Another interesting scene is when the wife cooks dinner for the family for the last time. The food in this scene represents duty and responsibility. The wife is dying but all they care is how they will get food for the next meal if she dies. That’s comedy. It also reflects the male dominant in Japan society.

The last random scene I’ll talk about it when the Japanese people try to eat like a western. Food in this scene represents the social class. They try to be in a higher class and they think one way to be is to know how to eat like a western. That’s another comment from the director. The comedy starts when they see how the real western people eat and it has no rules at all. He just eats the way he feels like it. And the Japanese start to eat like him. The director uses the overacting to show how embarrass it is to lose their identity.

Mother (2009)

Posted in Film Criticism Class, Mother (2009) on July 12, 2010 by Kanpoj K.

Mother (2009)

Directed by Joon-ho Bong

This is a Korean film with a stunning performance by Hye-ja Kim. She got the best actress from this film. The script was very well written. The film drives by the guilt that the mother has. And later, it shows what a mother can do for her son.

The film starts with an over-protective mother who has a retarded son. The son hangs out with a bad friend who always gets him into trouble. The mother never blames him and rather spoils him. It later reveals that the reason of the over-protective behavior comes from the guilt that she has. She tried to murder him and committed suicide when he was young. But it was fail. The poison that she gave him damages his brain and that is the reason why he is retarded.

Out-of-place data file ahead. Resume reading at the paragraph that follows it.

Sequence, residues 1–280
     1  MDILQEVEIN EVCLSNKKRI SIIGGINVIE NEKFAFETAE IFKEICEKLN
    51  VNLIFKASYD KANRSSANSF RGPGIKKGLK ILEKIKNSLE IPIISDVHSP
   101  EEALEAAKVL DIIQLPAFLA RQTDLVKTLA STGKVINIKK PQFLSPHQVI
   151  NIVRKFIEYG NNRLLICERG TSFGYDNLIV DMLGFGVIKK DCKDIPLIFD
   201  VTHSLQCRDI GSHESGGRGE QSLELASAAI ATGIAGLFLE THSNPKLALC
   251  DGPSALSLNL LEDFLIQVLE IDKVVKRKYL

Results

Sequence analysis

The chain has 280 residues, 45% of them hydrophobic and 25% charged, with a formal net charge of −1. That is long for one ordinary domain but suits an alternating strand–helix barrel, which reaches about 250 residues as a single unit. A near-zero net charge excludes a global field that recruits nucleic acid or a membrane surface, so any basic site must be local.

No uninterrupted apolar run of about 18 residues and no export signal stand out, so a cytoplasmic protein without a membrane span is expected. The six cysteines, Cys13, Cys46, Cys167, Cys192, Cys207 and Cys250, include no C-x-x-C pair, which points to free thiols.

The beginning of the film suggests that this film is going to be just another ordinary Korean drama. However, after the son is arrested. The film then slowly changes to a mysterious, psychological thriller. The mother begins to lose her mind and lives between reality and hallucination. For example, when the mother walks into the girl’s funeral. One of the people in the funeral she saw is actually the dead girl.

The mother doesn’t believe that her son would have an intention to kill anyone. Which is true. The son does kill the girl, but by accident. She tries everyway to prove that her son is not guilty. But when she finds out the truth, she helps him anyways. She even kills the old man to save her son. And then she becomes the guiltier one. The story goes deeper and deeper with more guilt. She once asks the boy who is a scapegoat if he has a mother or not. The answer is no. He doesn’t even have a mother to help him like she does for her son. After all the sin that she makes, she decided to forget everything so that she can move on with her life.

The film begins with an old lady (The mother) slowly walk into the field full of flowers. She stops in front of the camera and dance. I watched it and I felt that this character must be crazy. It even looks funny to me.  Later on, the same shot appears again almost at the end of the film. This time it comes with all my sympathy for the character. This time I go “wow”. I didn’t know how I get from that point to this point, but it does make sense.

Shot List

Posted in Clair de lune - Shot List, Clair de Lune Project on February 4, 2010 by Kanpoj K.